This blog was contributed by guest blogger, Lindsay Walker, Marketing Specialist with the Promega North America branch office.
The Good Food Institute predicts that plant-based protein innovation will enable meat alternatives to surpass the functionality of animal products, acknowledging that “given biological limitations, animals are about as cheap, delicious, efficient, and healthy as they’re going to get, but plant-based proteins are just getting started and have nearly endless room for optimization”.
In March of 2018, I decided to pursue a plant-based diet. The decision itself was primarily health motivated, and the positive influence my choice would have on animal welfare and climate change was a huge bonus. Not to mention I could still eat burgers, hotdogs, chicken nuggets – even Thanksgiving turkey – so long as it came packaged in a green box that boasted “100% Plant Protein”. While my restaurant dining options narrowed, the Impossible Burger had just started popping up at many of my favorite eateries, each one doing their own take on the $9 enigma (it really does bleed like real meat!)
My conversion to plant-based meat alternatives is hardly a unique story. In recent years, consumer interest in conventional meat, seafood and dairy alternatives has increased and the food sector has taken notice. By investing in new technology and research, companies are able to manufacture plant-based food with close to the same texture, taste, and overall experience as animal product, known as biomimicry (the Impossible Burger that “bleeds” plant-based free heme is a great example of this).
The Science of Plant-Based and Cultivated Meat
How is this mimicry of texture, taste and experience achieved? Food scientists leverage proteases and other mass spectrometry tools used in traditional protein analysis to identify and characterize the proteins and other molecules of interest. Every step in the process from researching and developing the new plant-based alternative to final testing before product release benefits from the use of such tools.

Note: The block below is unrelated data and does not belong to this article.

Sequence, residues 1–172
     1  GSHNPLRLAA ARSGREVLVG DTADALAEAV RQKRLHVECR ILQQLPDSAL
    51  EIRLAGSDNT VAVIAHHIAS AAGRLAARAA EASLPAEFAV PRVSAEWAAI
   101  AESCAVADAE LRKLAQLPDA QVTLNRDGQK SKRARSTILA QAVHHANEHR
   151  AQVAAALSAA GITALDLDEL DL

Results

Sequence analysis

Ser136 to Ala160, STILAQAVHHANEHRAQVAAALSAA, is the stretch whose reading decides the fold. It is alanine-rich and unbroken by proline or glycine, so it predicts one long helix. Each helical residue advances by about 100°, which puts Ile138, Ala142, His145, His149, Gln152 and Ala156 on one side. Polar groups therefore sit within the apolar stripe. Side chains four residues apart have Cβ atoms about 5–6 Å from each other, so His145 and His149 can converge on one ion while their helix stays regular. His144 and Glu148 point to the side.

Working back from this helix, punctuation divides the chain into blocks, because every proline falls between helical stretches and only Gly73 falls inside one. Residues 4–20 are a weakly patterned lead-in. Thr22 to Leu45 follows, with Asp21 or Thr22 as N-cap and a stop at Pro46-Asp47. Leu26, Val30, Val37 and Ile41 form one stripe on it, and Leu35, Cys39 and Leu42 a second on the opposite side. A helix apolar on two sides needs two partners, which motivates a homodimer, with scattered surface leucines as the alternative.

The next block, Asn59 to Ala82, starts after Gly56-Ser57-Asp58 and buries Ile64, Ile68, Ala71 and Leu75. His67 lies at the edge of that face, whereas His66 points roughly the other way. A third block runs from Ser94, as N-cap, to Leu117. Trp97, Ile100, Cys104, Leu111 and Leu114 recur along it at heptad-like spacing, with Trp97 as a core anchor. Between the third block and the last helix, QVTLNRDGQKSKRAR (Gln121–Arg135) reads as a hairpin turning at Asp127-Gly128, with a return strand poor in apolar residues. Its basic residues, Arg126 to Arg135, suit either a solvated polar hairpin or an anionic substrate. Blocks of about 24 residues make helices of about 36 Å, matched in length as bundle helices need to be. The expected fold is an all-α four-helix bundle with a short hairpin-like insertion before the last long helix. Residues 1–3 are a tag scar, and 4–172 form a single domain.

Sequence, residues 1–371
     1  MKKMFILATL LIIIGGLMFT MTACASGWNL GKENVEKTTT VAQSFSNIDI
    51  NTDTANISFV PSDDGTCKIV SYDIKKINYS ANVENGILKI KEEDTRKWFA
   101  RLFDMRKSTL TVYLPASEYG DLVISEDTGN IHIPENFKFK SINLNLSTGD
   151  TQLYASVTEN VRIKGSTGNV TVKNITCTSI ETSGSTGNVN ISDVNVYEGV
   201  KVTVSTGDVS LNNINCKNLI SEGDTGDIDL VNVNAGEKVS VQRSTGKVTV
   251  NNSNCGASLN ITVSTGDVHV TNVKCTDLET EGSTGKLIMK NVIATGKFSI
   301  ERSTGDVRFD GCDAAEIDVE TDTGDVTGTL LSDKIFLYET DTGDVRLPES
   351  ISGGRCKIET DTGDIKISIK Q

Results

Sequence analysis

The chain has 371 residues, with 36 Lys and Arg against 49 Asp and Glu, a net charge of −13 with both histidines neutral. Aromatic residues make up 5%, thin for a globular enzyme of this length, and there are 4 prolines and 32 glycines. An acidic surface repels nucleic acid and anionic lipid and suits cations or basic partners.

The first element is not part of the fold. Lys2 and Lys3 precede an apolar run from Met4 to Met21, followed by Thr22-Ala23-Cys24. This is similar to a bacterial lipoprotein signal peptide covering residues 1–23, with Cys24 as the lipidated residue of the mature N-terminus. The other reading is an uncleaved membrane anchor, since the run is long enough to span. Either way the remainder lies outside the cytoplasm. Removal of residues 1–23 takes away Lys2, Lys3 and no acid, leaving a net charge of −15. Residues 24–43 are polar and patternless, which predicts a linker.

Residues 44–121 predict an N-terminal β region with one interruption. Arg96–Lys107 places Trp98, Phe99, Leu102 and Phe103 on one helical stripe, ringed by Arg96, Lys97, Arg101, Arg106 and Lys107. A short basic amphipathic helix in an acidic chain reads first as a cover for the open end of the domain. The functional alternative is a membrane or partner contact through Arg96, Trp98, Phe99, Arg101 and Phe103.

And food scientists are also working on another eco-friendly protein option to plant-based foods: cultivated meat. Cultivated meat, also referred to as “clean meat”, is identical to animal meat at a cellular level. It aims to replicate traditional meat producing process through the use of cell culture and tissue engineering techniques. If this sounds like science fiction, it is not. According to the Good Food Institute’s 2019 State of the Industry Report on cultivated meat, more than a dozen companies have developed chicken, yellowtail, duck, minute steak, pork sausage, salmon, foie gras, kangaroo, and fish maw from animal cell culture. Just this year, a new startup called Cultured Decadence found its home here in Madison, Wisconsin, using cell culture to create lobster and crab meat.
Scientists developing cellular agriculture-based foods leverage cell based assays to understand cell viability, energy metabolism and mechanisms of cell behavior. These tools can be used during cell line development and monitoring indicators of cell health during the process of proliferation and production.
It could be a few years before we see cultivated meat hit the market. For now, I’ll be sticking with my green boxes of frozen “chik’n” patties and the occasional $9 Impossible Burger. With promise of even more meatless-meat innovations on the horizon, I can’t wait to see – and taste – the possibilities.
Lindsay earned her B.S. in graphic design at Edgewood College in Madison, WI. She is a marketing specialist for the North American marketing team and manages the branch’s social media accounts. Lindsay enjoys illustrating, playing video games, exploring the local food and music scene, and documenting the life of her dog, Marvin.
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